Report Reveals Trump Surrogate Kimberly Guilfoyle Left Fox after Lurid Sexual Harassment Accusations

Saturday October 3, 2020

Kimberly Guilfoyle
Kimberly Guilfoyle  (Source:Associated Press)

When Kimberly Guilfoyle abruptly left Fox News' "The Five" in 2018, the network offered a terse explanation: "Fox News has parted ways with Kimberly Guilfoyle." Not long after the Huffington Post supplied an explanation, writing that she was "informed her time at Fox News was up following a human resources investigation into allegations of inappropriate behavior including sexual misconduct, and that her lawyers had been involved since the spring."

A report by Jane Mayer in The New Yorker confirms that behavior transpired. In reporting on The New Yorker story, CNN writes: "Fox News paid the former assistant to ex-host Kimberly Guilfoyle upward of $4 million to avoid going to trial after the employee wrote a 2018 draft complaint detailing allegations of sexual harassment against her."

"The New Yorker advanced the HuffPost story," CNN continues, "detailing allegations from Guilfoyle's former assistant. The New Yorker said it was aware of the former assistant's identity, but given that she had not been publicly identified, and out of respect for potential victims of sexual harassment, it declined to name her in its story."

Guilfoyle has risen to an important role in Trump's presidential campaign. "In the 2020 campaign, Trump has spotlighted no woman more brightly than Guilfoyle," writes Mayer in The New Yorker. "She was given an opening-night speaking slot at the Republican National Convention. And this fall Guilfoyle, who is Donald Trump, Jr.,'s girlfriend, has been crisscrossing the country as a Trump surrogate, on what is billed as the 'Four More Tour.' At a recent 'Women for Trump' rally in Pennsylvania, Guilfoyle claimed that the President was creating 'eighteen hundred new female-owned businesses in the United States a day,' and praised Trump for promoting school choice, which, she said, was supported by 'single mothers like myself.'"

Guilfoyle claims that she left Fox News on her own volition, despite having several years left on her contract. But Mayer's report says they came as a result of the inquiries by a legal team hired by Fox News into the assistant's claims that led to Guilfoyle's abrupt departure from the network.

According to a dozen well-informed sources familiar with her complaints, "the assistant alleged that Guilfoyle, her direct supervisor, subjected her frequently to degrading, abusive, and sexually inappropriate behavior; among other things, she said that she was frequently required to work at Guilfoyle's New York apartment while the Fox host displayed herself naked, and was shown photographs of the genitalia of men with whom Guilfoyle had had sexual relations. The draft complaint also alleged that Guilfoyle spoke incessantly and luridly about her sex life, and on one occasion demanded a massage of her bare thighs; other times, she said, Guilfoyle told her to submit to a Fox employee's demands for sexual favors, encouraged her to sleep with wealthy and powerful men, asked her to critique her naked body, demanded that she share a room with her on business trips, required her to sleep over at her apartment, and exposed herself to her, making her feel deeply uncomfortable."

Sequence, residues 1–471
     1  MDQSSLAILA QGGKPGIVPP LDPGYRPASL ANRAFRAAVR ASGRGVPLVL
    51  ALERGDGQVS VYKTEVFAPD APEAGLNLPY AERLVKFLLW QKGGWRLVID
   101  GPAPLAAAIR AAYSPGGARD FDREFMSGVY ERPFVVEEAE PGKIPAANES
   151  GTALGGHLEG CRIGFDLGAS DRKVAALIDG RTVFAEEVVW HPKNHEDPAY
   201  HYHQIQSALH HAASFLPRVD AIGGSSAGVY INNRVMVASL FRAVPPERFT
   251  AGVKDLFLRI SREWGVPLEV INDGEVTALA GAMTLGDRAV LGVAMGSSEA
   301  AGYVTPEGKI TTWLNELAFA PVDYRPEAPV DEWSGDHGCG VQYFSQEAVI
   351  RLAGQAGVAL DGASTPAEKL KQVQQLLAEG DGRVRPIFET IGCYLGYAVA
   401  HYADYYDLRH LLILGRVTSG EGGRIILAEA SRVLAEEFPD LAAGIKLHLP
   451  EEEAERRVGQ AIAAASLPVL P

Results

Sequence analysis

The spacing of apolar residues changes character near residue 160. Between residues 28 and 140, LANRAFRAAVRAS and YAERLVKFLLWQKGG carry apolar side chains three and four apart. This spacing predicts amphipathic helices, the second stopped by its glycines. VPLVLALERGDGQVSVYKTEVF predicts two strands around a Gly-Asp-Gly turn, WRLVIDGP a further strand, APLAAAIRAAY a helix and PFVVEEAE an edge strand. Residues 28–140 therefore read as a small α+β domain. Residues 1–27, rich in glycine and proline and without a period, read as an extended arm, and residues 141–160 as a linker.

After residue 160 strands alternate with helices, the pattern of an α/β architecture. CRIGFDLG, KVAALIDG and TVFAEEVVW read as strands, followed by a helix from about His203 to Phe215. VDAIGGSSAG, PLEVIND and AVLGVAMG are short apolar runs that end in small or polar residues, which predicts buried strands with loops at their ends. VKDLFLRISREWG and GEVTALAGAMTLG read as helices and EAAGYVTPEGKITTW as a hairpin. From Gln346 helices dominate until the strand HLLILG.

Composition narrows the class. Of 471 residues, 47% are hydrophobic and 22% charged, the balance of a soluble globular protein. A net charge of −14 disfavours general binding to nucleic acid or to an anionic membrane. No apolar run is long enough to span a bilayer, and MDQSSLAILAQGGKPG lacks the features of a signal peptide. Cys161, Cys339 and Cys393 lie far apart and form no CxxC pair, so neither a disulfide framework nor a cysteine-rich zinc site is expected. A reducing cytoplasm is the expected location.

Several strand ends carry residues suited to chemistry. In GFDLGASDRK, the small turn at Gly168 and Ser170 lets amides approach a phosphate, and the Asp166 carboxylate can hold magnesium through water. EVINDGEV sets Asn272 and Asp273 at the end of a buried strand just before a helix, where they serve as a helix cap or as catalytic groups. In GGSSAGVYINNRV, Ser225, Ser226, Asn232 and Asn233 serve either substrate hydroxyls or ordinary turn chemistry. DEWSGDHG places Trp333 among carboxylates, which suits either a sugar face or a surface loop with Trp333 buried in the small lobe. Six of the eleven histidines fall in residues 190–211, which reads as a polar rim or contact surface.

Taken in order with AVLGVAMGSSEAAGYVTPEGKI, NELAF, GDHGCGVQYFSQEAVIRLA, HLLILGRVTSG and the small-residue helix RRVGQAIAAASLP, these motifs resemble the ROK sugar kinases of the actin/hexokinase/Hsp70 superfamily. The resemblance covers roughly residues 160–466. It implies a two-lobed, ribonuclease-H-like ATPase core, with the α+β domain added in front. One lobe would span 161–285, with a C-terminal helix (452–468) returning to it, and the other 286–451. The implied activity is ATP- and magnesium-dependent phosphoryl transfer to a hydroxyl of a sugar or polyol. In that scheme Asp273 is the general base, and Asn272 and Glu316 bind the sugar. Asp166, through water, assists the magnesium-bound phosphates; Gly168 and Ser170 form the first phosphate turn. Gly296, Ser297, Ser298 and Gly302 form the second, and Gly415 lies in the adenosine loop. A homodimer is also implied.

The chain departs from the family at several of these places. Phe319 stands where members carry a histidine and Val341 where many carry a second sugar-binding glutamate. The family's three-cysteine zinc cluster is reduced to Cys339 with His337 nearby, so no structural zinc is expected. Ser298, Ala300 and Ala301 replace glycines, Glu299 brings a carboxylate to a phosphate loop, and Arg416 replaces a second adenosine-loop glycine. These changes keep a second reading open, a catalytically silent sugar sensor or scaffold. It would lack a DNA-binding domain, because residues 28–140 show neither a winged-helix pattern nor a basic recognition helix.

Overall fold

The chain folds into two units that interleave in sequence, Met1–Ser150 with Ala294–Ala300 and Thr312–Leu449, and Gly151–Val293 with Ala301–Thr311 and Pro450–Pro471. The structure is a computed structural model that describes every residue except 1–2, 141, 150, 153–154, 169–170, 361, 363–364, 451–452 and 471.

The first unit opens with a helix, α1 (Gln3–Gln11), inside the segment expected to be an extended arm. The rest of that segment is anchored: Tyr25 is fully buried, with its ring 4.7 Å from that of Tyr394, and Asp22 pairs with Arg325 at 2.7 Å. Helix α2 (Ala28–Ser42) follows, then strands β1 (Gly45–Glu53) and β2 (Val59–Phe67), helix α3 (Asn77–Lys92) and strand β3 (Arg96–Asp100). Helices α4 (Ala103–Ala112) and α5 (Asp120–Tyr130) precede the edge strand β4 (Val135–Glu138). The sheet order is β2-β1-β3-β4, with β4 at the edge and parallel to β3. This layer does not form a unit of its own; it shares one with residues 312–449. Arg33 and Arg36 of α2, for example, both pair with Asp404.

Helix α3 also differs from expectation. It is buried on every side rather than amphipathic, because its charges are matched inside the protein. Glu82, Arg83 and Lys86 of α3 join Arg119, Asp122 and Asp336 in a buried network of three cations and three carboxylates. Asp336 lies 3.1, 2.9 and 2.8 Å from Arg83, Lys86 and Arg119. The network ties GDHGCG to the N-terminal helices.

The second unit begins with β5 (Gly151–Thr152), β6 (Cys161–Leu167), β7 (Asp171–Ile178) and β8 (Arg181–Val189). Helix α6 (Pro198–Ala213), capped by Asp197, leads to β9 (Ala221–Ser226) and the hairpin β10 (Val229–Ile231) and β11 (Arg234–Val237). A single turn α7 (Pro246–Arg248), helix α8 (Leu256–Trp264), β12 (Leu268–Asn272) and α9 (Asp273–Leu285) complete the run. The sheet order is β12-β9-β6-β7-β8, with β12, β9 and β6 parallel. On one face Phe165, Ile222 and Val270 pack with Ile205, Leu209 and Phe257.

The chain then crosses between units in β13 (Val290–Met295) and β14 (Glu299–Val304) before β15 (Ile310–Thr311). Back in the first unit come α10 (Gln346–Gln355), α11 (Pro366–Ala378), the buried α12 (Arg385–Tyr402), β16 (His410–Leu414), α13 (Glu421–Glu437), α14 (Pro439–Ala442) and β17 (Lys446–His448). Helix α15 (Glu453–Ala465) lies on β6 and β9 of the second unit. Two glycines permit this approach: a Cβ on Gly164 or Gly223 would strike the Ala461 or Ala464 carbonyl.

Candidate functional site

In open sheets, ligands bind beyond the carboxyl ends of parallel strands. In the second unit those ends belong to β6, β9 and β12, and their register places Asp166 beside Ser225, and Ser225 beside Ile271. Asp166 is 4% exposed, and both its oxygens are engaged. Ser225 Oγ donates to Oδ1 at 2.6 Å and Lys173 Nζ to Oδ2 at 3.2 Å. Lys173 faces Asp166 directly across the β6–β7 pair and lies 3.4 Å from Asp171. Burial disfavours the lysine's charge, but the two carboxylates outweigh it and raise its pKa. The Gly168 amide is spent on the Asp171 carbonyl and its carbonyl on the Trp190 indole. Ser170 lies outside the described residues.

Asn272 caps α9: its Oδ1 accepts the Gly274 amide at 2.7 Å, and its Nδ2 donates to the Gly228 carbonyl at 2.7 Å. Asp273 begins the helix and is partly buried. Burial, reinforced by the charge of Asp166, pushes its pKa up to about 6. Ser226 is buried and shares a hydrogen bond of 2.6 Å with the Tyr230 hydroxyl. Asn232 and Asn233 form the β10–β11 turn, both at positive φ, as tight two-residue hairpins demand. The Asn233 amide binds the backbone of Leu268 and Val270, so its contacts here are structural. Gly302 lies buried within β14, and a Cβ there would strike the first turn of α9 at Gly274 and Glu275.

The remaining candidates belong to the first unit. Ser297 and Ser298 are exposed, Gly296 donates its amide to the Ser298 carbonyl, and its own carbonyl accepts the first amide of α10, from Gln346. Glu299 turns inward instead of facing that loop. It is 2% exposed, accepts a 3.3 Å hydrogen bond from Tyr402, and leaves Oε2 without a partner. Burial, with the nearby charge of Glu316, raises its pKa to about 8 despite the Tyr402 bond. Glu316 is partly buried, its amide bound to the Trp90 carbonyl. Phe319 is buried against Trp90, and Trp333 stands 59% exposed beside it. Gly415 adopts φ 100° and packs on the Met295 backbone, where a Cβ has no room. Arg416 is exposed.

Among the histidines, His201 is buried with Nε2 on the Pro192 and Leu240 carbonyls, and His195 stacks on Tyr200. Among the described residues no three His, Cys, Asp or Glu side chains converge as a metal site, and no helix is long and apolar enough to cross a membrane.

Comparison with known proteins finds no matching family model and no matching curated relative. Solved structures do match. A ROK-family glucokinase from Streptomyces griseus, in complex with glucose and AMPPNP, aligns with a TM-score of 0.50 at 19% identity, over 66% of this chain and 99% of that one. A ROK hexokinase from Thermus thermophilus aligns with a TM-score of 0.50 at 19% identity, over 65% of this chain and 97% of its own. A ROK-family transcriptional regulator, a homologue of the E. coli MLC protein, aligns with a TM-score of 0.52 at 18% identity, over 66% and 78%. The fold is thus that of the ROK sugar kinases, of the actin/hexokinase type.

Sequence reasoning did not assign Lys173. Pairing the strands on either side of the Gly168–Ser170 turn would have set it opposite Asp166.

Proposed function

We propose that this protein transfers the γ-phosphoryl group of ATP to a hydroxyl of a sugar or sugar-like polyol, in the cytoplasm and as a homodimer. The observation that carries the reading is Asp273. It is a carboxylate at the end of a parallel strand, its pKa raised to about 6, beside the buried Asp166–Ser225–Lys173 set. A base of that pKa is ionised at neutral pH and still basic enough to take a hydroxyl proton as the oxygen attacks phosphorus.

According to Mayer, Guilfoyle became concerned when outside counsels were brought to the network in July 2016 to investigate the toxic work environment that existed under the mentorship of Roger Aisles, who had a long history of flagrant harassment and gender discrimination. At that time Guilfoyle shared the assistant with Fox host Eric Bolling, who was also under scrutiny for sexual harassment, "Guilfoyle and Bolling were close, and it was all but inevitable that if the assistant accused Bolling of sexual harassment—as in fact, she did—Guilfoyle's conduct would come under scrutiny next," writes The New Yorker.

As the investigation of Bolling grew momentum, Guilfoyle told her assistant that she "needed to know what the assistant would say if she were asked about sexual harassment, and warned her that she could cause great damage if she said the wrong thing," writes The New Yorker.

In exchange for what Guilfoyle called "loyalty, she would work out a payment to take care of her—possibly, she said, with funds from Bolling." These included a private plane ride to Rome, a percentage of Guilfoyle's future speaking fees, an on-air reporting opportunity. "People close to Guilfoyle called the assistant's allegation untrue, and said they were shocked that she would fabricate such a false claim. But a well-informed source independently confirmed to me that Guilfoyle had discussed the topic of raising hush money," writes The New Yorker.

When the assistant declined her offer, Guilfoyle applied pressure, threatening to reveal "some aspects of the assistant's private life that Guilfoyle knew about." In her New Yorker story, Mayer says that associates of Guilfoyle's contacted her with personal details about the assistant, "evidently in hopes of damaging her credibility and leading me not to publish this report."

Guilfoyle declined to be interviewed for The New Yorker story but issued a statement: "In my 30-year career working for the SF District Attorney's Office, the LA District Attorney's Office, in media and in politics, I have never engaged in any workplace misconduct of any kind. During my career, I have served as a mentor to countless women, with many of whom I remain exceptionally close to this day."

As for her role in the Trump campaign, spokesman Tim Murtaugh "declined to comment on the appropriateness of Guilfoyle overseeing the Trump campaign's finances, given the allegations about hush money and harassment levied against her by her former assistant. Murtaugh referred inquiries to Guilfoyle's lawyer."

Comments on Facebook